Maryland has one of the lowest rates of childhood poverty in the nation, but is in the middle of the pack in overall children's well-being, according to a report released Wednesday by the Baltimore-basedAnnie E. Casey Foundation.
The state is 23rd overall in the 2011 Kids Count Data Book, an annual assessment of child welfare organized with the help of local child advocacy groups. Maryland ranks two spots better than last year's report, but continues to have relatively high child and infant death rankings.
Since 2000, the average nationwide child poverty rate increased 18 percent, according to the report. The recent economic recession, it concludes, "effectively wiped out all of the gains we made in cutting child poverty in the late 1990s."
"The recession really disassembled a wonderful movement forward," said Becky Wagner, the executive director of Advocates for Children & Youth, the Kids Count organization for Maryland.
Poverty, for purposes of this report, was income in 2009 below about $22,000 for a family of two adults and two children. In Maryland, child poverty decreased 8 percent over the decade.
New Hampshire, Connecticut and Utah are the only states other than Maryland with child poverty rates of 12 percent or less. But all three of those states are ranked within the top seven spots overall while Maryland lags almost halfway down the list, which measures the most recent data available for 10 key categories.
The child death rate in Maryland, out of sync with the nation's decline in child deaths, did not improve between 2000 and 2007, staying at 21 deaths per 100,000 children between the ages of 1 and 14.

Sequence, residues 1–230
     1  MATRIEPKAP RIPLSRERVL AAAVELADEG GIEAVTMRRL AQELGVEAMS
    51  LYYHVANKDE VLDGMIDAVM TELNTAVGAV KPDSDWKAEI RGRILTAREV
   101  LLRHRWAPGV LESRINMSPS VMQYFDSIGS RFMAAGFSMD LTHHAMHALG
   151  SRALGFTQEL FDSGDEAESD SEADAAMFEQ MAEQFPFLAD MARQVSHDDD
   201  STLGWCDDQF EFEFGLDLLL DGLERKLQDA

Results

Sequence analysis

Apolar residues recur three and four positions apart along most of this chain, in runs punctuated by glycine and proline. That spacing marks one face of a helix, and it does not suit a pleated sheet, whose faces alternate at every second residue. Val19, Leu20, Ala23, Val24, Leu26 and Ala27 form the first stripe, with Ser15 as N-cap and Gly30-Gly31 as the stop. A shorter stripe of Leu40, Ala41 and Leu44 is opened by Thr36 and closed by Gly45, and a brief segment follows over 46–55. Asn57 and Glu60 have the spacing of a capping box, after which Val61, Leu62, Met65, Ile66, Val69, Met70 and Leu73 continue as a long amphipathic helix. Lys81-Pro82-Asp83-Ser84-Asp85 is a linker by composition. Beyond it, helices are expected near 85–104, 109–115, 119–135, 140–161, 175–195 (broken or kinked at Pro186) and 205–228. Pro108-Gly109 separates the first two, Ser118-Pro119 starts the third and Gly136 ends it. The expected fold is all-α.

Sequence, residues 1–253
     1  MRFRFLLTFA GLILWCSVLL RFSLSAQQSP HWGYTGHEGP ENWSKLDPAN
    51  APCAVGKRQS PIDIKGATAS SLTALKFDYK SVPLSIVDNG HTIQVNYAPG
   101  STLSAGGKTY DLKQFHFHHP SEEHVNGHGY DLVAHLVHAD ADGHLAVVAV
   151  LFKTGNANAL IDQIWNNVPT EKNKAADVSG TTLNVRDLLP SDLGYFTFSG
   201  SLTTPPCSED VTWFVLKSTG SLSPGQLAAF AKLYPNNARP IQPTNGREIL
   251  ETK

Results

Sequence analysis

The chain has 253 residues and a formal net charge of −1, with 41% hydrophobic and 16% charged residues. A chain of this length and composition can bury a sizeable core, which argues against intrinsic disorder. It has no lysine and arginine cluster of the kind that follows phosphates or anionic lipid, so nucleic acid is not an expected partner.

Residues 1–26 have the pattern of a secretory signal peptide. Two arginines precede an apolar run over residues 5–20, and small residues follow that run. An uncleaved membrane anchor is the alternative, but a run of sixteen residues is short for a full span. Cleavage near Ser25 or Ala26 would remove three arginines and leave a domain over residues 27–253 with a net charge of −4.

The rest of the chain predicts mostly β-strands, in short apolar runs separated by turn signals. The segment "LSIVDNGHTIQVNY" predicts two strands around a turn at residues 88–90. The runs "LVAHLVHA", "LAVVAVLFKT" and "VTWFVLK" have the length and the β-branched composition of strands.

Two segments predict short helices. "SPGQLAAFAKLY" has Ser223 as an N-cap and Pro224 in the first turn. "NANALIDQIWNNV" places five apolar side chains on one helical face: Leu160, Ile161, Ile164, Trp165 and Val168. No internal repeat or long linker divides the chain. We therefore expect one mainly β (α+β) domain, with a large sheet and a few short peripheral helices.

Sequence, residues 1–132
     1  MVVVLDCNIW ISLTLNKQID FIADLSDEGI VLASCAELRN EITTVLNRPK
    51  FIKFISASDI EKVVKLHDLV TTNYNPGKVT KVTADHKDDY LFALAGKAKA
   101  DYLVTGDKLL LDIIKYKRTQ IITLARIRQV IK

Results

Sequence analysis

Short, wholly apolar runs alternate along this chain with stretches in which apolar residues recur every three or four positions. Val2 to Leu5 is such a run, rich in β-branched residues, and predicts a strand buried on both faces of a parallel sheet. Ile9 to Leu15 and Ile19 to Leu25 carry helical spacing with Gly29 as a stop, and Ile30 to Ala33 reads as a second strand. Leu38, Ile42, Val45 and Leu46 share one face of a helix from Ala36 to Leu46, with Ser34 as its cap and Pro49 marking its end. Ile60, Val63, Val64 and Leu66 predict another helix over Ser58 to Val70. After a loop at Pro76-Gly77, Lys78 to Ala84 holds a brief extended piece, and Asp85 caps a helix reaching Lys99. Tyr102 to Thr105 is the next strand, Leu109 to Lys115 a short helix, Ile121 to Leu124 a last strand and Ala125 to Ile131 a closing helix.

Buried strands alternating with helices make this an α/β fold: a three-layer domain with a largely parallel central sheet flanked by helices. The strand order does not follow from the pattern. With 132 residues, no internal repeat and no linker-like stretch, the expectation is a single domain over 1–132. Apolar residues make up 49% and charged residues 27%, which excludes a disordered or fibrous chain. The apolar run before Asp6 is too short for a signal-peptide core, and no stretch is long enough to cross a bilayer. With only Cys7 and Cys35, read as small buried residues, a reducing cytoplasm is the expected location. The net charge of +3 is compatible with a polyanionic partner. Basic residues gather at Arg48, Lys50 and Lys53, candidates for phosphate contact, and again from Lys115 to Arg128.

Maryland has some of the worst rates in the country for infant health. The state is 42nd in infant mortality, with 8 deaths per 1,000 live births in 2007, and 41st for percent of low-birth weight babies, at 9.2 percent in 2008.
As part of the foundation's effort to determine the recession's influence on children, for the first time the number of children affected by foreclosure and the number of households with at least one unemployed parent were included in the analysis.
Since 2007, about 4 percent of Maryland's children, the same as the nation overall, were in households that experienced foreclosures. In 2010, about 8 percent of the state's children were living in households with at least one unemployed parent, slightly less than the 11 percent nationwide.
Foreclosure and its frequent precursor, a parent's job loss, can begin a negative domino-effect for a child's welfare, said Wagner.
"That lack of security is really a game-changer," she said.
The teen death rate, teen birth rate, percent of teens not in school and not high school graduates, and the percent of children in poverty have all improved in Maryland since 2000, according to the report.
The main child welfare indicators that have not improved in Maryland since 2000 include the percent of low-birth weight babies, the infant mortality rate and the percent of children in single-parent families.
Wagner hopes that legislation passed this year by the General Assembly to assist low-income women receive family planning health care will improve Maryland's infant health rates.
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